Last week, I wrote about how one may want to think about how much you have already paid in taxes this year while there was still some time to make things matter before filing season. This week, I wanted to mention a couple deductions that one could still take advantage of, and they even come with positive benefits before it comes time to fill out those tax forms.
So as always, be aware of the benefit of making a charitable donation.
I wrote much in recent months about how natural disasters laid waste to multiple areas. The visions of the destruction may now have faded from the minds of many, but the struggle for those most severely affected continues. We are also entering the time of year when giving becomes a bigger theme, opening up more avenues for us to share with others. One can complain about the fact that you are already hearing Christmas music in the grocery store, but this time of year does come with positives, as well, such as the beauty of a giving spirit.
Beyond the tax benefit, there is the good feeling that we all get by helping. Studies show that even those who can barely afford to give feel better about donating their money than spending it in other ways. There is power in knowing that we have the ability to make a positive difference in the lives of others.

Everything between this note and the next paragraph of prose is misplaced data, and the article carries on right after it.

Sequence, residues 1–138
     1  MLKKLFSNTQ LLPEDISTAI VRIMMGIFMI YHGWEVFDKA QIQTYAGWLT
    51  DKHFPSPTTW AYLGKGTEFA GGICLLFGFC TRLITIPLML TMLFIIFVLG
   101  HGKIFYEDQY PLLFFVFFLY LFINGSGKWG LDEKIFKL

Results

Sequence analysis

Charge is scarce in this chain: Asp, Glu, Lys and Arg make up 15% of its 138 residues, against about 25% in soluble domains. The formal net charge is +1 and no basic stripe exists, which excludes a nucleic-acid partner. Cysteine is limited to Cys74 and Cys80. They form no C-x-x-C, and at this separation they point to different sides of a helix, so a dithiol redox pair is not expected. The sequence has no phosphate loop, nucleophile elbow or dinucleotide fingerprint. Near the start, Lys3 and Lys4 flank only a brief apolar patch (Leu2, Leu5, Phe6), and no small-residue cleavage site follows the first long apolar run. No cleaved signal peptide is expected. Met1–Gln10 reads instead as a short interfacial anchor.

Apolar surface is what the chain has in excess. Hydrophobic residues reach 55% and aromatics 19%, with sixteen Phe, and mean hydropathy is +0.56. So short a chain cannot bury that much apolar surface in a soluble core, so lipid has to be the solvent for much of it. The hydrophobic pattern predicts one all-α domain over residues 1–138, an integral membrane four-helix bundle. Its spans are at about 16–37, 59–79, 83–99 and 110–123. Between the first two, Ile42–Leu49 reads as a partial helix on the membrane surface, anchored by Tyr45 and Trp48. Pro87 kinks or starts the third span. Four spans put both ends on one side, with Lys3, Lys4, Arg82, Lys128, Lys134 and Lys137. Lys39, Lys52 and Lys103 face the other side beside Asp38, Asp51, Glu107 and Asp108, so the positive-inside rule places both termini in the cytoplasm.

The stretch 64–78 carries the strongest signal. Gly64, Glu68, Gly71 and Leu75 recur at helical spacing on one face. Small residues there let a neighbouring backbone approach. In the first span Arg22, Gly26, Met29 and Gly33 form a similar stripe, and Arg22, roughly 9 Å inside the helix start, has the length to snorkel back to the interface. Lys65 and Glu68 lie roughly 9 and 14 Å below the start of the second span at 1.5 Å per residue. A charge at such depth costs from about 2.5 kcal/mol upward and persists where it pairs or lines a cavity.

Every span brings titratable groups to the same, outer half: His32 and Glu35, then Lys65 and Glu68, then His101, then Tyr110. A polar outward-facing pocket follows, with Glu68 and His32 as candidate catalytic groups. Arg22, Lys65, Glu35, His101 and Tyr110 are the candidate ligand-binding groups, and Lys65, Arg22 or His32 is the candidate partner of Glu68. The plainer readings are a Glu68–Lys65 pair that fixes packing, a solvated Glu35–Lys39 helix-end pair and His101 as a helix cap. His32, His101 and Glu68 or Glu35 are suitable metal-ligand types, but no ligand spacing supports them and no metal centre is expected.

Also for those of more limited means is the retirement savings contributions credit for low- to mid-income workers. This can come with up to a 50 percent credit for the first $2,000 one contributes to a retirement plan, such as a traditional or Roth IRA, 401(k), 403 (b), or similar workplace retirement programs.
In fact, with an IRA, one even gets until the filing date (April 17, 2018) to make contributions to the plan and still have it count.
Overall, this isn’t a deduction that is simple, as it varies depending on the taxpayer, and can’t be claimed by everyone. The basic rule, however, states that it can be claimed in 2017 by married couples filing jointly with incomes up to $62,000; heads of households with incomes up to $46,500; and single or married individuals filing separately with incomes up to $31,000. In addition, one needs to be 18 or older, not a full-time student, and not claimed as a dependent on another person’s return.
So sure, it’s not an easy checkbox, and one must even fill out another form (8880) to properly qualify for the credit. But if you can lower your tax bill, and improve your future financial picture, this can’t possibly be a bad thing, right?
And the IRS reported that in tax year 2015, saver’s credits totaled nearly $1.4 billion for that season. When enough people make those seemingly smaller moves, it starts to add up. Just like if you start to make the moves that you can now before it comes time to file your taxes, it will start to add up and really make a difference.
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